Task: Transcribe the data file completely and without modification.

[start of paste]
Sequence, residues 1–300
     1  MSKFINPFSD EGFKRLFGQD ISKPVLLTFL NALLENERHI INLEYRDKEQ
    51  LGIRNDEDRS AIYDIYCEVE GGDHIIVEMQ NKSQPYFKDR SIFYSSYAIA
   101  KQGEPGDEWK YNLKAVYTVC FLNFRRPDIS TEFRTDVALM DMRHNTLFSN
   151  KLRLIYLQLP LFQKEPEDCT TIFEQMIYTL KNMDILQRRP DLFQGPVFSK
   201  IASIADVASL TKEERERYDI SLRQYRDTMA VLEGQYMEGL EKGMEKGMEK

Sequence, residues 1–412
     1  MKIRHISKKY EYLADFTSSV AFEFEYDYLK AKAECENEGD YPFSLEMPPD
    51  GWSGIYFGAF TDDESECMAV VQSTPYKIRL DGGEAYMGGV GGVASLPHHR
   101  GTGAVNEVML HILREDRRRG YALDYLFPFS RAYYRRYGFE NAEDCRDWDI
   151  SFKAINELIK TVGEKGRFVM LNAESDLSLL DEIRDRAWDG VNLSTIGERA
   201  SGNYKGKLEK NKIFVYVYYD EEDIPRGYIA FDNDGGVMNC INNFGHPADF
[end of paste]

Sequence, residues 1–300
     1  MSKFINPFSD EGFKRLFGQD ISKPVLLTFL NALLENERHI INLEYRDKEQ
    51  LGIRNDEDRS AIYDIYCEVE GGDHIIVEMQ NKSQPYFKDR SIFYSSYAIA
   101  KQGEPGDEWK YNLKAVYTVC FLNFRRPDIS TEFRTDVALM DMRHNTLFSN
   151  KLRLIYLQLP LFQKEPEDCT TIFEQMIYTL KNMDILQRRP DLFQGPVFSK
   201  IASIADVASL TKEERERYDI SLRQYRDTMA VLEGQYMEGL EKGMEKGMEK

Sequence, residues 1–412
     1  MKIRHISKKY EYLADFTSSV AFEFEYDYLK AKAECENEGD YPFSLEMPPD
    51  GWSGIYFGAF TDDESECMAV VQSTPYKIRL DGGEAYMGGV GGVASLPHHR
   101  GTGAVNEVML HILREDRRRG YALDYLFPFS RAYYRRYGFE NAEDCRDWDI
   151  SFKAINELIK TVGEKGRFVM LNAESDLSLL DEIRDRAWDG VNLSTIGERA
   201  SGNYKGKLEK NKIFVYVYYD EEDIPRGYIA FDNDGGVMNC INNFGHPADF